• Marina Ovsyannikova was seen rushing onto the set of a Russian TV broadcast with an anti-war sign.
  • “The war was the point of no return, when it was simply impossible to stay silent,” she told CNN.
  • Ovsyannikova could face up to 15 years in prison according to Russia’s wartime censorship law. 

A Russian journalist who charged onto a state TV broadcast to protest the war in Ukraine told CNN that she did so because she found it “impossible to stay silent.” 

Maria Ovsyannikova, an editor at Russian state broadcaster Channel One, ran onto the set and interrupted the network’s broadcast on Monday, holding a sign telling viewers that they were being lied to. 

“Stop the war! No to war! Stop the war! No to war!” Ovsyannikova shouted. The sign she held said: “Don’t believe the propaganda” and “They are lying to you here.” 

Speaking to CNN’s Christiane Amanpour on Wednesday, the editor said she decided “spontaneously” to launch a protest, but the notion had been “brewing” for a while. 

“I have been feeling a cognitive dissonance, more and more, between my beliefs and what we say on air,” Ovsyannikova said.

“It was a brewing sense of dissatisfaction that kept increasing every year. And the war was the point of no return when it was simply impossible to stay silent,” she continued. “And I realized we would have to do something, or we will reach a point of no return, and it will be more and more difficult to do anything.” 

She told CNN that her protest inspired some colleagues to resign from their posts after feeling a similar “disconnect” from reality.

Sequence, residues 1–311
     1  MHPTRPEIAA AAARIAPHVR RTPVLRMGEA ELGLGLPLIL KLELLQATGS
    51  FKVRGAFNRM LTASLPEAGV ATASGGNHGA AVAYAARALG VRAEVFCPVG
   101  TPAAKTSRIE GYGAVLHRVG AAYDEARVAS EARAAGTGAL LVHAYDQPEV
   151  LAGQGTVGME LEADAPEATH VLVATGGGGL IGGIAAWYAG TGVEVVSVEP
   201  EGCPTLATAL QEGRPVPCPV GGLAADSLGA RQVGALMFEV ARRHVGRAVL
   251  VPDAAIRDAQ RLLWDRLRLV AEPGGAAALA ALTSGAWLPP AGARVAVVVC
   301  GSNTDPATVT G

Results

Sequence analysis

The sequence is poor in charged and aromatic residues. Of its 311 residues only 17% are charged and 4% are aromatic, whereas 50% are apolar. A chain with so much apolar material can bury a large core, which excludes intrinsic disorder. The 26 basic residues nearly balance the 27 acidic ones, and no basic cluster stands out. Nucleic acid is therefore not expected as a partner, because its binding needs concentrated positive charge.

Ovsyannikova said that she was handed an administrative sentence and that there was an ongoing criminal investigation into her on-air protest.

Despite becoming the face of protest in Russia, Ovsyannikova said her family held divided opinions on the Russian invasion of Ukraine. She told CNN her elderly mother had been “brainwashed” by Russian propaganda.

“She keeps repeating the phrases she hears on TV, the phrases that our propagandists created,” Ovsyannikova said of her mother. 

Russian leader Vladimir Putin has baselessly attempted to justify his invasion of Ukraine as a mission to “de-nazify” the country.

Ovsyannikova has been fined $273 but has not been charged yet for the on-air demonstration. She was released after a 14-hour interrogation.

“I don’t feel scared, but at the moment, of course, I feel a huge burden of responsibility, and I realize that my life has changed irreparably. I don’t think there’s some kind of sad fate in store for me for the demonstration on air, but I am hoping I won’t face criminal charges,” she told Amanpour. 

The journalist’s protests could land her in prison for up to 15 years, according to Russia’s wartime censorship law, reported The New York Times. Members of the media are prohibited from calling the invasion a “war,” per The Times. 

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